From Race Cars to Armoured Cars, Panhard returns to Ireland
RIAC National Classic Car Show RDS 5th and 6th of March.
The Panhard CD, which has never before been shown in Ireland or the UK, will be on display at the event in early March.
It is one of the last remaining Panhard CD cars from just 159 that were built in 1964 by the renowned race car engineer Charles Deutsch. It will be on the ‘Iconic French Cars’ feature stand and is believed to be the best example of this vehicle in the world today.
Bob Montgomery, Show Director, said: “Every year we run the show we try to ensure that visitors will get to see something that has never been on display in the country before. One of these cars, the Panhard CD, has a distinguished racing lineage and is worth a visit to the show in its own right. This is a fantastic addition to the 2016 line up is a great opportunity to showcase the competitive side of Panhard, who won more than 1,800 races and rallies between 1895 to 1967.”
Panhard is one of the oldest car manufacturers in the world. It began production of vehicles in 1887 and after World War II the company became synonymous with the manufacturing of light and economical vehicles. The Panhard CD featured at the show is based on the model that won the Performance Index in 1962 at Le Mans that is still awarded to the most efficient car at the 24 hour race. Key to the competitiveness of the 1964 CD Panhard was the bespoke aerodynamic ‘slippery’ body, which had more sophisticated aerodynamics than any other car on the grid that year. In fact the design was so efficient that it achieved a drag coefficient of 0.12 that was never equalled again at the track.
Panhard remained in passenger car production until bought by Citroën in 1965 and the brand was discontinued two years later. However, the name lived on in military circles as the company became one of the most widely recognised producers of armoured vehicles.
Montgomery continued: “We have had a long association with the name Panhard in this country. Aside from the selection of rare cars from the manufacture that will be on display we also have one of the Military vehicles for which they are famous. The armoured car that we have on display was used by the Irish Army on overseas duties including the Congo. ”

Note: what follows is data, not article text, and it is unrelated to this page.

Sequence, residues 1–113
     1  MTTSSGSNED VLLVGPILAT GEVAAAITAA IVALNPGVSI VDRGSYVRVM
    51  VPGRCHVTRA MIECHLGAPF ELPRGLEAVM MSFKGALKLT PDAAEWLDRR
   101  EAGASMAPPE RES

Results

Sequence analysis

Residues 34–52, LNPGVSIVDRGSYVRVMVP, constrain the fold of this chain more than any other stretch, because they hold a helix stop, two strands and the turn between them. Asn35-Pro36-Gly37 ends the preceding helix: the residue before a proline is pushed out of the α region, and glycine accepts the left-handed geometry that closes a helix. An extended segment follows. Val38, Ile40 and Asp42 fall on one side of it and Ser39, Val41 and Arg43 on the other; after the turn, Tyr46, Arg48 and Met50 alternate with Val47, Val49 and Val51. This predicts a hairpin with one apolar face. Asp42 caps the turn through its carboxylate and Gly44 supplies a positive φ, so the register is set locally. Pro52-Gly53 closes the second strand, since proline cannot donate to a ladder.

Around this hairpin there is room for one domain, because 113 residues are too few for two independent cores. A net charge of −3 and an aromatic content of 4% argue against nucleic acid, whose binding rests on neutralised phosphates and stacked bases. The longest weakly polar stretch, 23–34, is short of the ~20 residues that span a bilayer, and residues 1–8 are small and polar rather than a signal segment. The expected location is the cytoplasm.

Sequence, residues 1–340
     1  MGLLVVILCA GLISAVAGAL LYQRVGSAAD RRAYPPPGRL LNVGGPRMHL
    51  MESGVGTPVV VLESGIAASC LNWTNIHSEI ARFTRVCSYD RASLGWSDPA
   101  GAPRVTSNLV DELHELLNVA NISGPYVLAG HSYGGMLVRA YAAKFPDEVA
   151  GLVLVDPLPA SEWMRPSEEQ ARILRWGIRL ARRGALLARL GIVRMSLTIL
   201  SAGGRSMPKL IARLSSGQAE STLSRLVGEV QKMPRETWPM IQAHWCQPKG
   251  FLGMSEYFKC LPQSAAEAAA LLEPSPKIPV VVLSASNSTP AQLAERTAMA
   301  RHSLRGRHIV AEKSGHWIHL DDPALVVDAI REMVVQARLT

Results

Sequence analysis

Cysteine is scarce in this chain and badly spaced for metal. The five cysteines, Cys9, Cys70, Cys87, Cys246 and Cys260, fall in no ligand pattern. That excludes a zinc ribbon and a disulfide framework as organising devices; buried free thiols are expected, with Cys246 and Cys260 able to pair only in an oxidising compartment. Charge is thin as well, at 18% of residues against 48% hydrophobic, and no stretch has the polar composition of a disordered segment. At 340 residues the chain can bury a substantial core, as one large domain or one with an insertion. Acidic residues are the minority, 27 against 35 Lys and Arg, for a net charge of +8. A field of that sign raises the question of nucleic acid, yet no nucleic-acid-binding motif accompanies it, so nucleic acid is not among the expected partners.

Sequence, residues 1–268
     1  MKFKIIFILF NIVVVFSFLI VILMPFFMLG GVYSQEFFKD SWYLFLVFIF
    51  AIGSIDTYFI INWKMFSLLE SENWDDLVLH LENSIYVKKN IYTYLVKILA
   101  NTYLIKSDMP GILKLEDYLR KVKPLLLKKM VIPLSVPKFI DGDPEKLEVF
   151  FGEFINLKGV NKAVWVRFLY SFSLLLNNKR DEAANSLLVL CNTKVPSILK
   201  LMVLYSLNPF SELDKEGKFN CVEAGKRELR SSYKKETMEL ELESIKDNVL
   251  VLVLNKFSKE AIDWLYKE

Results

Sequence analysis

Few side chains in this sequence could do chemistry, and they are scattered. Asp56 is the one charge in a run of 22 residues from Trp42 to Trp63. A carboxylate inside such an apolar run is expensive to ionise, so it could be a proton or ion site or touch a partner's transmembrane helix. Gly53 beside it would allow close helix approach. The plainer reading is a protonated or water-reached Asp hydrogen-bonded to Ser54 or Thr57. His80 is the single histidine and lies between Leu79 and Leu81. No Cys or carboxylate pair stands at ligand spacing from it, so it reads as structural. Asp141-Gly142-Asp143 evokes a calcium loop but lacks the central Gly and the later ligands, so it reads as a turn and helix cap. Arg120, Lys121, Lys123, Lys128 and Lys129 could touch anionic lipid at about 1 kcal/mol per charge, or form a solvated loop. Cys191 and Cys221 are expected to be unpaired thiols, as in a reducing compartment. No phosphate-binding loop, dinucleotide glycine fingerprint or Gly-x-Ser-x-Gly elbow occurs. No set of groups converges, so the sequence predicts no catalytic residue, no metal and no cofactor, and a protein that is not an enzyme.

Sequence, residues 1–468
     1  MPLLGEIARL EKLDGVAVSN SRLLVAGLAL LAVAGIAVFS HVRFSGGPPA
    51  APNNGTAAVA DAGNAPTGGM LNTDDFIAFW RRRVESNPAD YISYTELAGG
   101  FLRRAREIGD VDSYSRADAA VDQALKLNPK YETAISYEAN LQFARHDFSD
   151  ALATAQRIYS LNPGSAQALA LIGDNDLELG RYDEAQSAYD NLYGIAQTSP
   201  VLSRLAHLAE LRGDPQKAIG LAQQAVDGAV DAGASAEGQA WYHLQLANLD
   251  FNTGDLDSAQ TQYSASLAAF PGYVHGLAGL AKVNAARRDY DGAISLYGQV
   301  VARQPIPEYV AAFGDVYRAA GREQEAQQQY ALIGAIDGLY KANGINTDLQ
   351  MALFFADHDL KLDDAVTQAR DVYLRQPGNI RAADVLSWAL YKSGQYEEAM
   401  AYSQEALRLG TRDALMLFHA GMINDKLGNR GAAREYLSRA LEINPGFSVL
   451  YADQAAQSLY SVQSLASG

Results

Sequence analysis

Visitors to the show can expect to see an incredible array of classic and vintage cars that they may have only ever read about in a magazine but have never had the opportunity to see up close. Many vehicles that will be on view that have come from private collections that are not normally seen by the public.
Bob Montgomery said: “We will also have entertainment and events taking place over the weekend that will be fun for all the family to get involved with. The last show had the highest satisfaction rating among both visitors and exhibitors of any similar event in the RDS in recent times. We intend to achieve that again this year.”
For spectacular displays of truly amazing classic cars and entertainment for all the family, visit the RIAC National Classic Car Show on Saturday 5th and Sunday 6th of March 2016, 10am–6pm each day.
For further information and high resolution images please contact:
Richard Burke: +353 86 8167822 firstname.lastname@example.org
Bob Montgomery – Show Director +353 87 4184360 email@example.com
Show website: www.classiccarshow.ie
Notes for the editor:
Panhard was originally called Panhard et Levassor, and was established as a car manufacturing concern by René Panhard and Émile Levassor in 1887. As such it is one of the oldest manufacturers of motor vehicles in the world. After World War II the company was renamed Panhard (without “Levassor”), and produced fuel efficient light cars such as the Dyna X, Dyna Z and 24CT.
The styling of the Dyna Z was distinctively smooth and rounded, with an emphasis on aerodynamics and an overall minimalist design. The 24 CT was a later (from summer 1963-on) stylish 2+2 seater; the 24 BT being a version of the same with a longer wheelbase and space for four. A small number of Panhards were assembled in Ireland.
The last Panhard passenger car was built in 1967. After assembling 2CV panel trucks for Citroen in order to utilise capacity in face of falling sales, and raising operating cash by selling ownership progressively to Citroën (full control as of 1965), in fall of 1967 the civilian branch was absorbed by Citroën, and the marque was retired.
Since 1968 Panhard has only made armoured vehicles.
The Panhard feature stand – one of the highlights of the 2016 Show, will feature a 1902 Panhard et Levassor, a Panhard 24 CT and a an Irish Army M3 armoured car, as well as several examples of the Panhards assembled in Ireland.
A very rare 1964 Panhard CD – a type never before displayed in Ireland or Britain, is coming from France for the Show.